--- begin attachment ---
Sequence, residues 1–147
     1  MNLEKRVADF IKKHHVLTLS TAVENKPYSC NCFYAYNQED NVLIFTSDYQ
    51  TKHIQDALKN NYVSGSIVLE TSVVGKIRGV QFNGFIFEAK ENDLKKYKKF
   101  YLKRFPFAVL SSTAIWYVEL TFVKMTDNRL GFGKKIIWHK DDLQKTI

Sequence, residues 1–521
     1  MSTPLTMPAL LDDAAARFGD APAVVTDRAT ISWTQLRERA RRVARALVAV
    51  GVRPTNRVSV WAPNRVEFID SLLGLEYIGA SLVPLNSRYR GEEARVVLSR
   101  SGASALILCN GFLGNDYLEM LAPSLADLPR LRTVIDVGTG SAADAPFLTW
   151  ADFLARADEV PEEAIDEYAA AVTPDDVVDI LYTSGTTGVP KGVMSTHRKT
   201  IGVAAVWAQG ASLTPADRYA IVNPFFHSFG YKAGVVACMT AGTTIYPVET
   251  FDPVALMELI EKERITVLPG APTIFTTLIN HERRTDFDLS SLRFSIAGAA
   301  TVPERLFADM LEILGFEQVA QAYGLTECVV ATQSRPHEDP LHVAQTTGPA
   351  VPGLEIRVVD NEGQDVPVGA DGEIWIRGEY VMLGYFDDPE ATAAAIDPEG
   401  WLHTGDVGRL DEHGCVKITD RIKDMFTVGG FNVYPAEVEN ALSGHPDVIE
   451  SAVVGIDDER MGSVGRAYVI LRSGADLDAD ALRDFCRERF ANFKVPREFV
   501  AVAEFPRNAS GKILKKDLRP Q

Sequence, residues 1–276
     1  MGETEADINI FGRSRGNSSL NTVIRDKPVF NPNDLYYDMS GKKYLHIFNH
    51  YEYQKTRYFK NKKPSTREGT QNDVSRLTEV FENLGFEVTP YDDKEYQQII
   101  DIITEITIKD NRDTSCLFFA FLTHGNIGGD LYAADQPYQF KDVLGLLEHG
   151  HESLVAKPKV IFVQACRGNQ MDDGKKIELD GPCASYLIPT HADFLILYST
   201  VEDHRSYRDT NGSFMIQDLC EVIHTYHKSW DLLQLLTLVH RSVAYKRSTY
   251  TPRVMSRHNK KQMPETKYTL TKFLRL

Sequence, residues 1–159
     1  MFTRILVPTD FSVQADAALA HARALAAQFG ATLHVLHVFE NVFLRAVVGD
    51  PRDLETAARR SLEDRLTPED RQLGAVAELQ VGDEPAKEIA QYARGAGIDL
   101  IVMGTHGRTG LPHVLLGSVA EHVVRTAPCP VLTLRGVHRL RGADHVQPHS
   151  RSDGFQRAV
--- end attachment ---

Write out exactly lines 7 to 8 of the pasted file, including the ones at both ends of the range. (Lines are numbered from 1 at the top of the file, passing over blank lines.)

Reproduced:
    51  GVRPTNRVSV WAPNRVEFID SLLGLEYIGA SLVPLNSRYR GEEARVVLSR
   101  SGASALILCN GFLGNDYLEM LAPSLADLPR LRTVIDVGTG SAADAPFLTW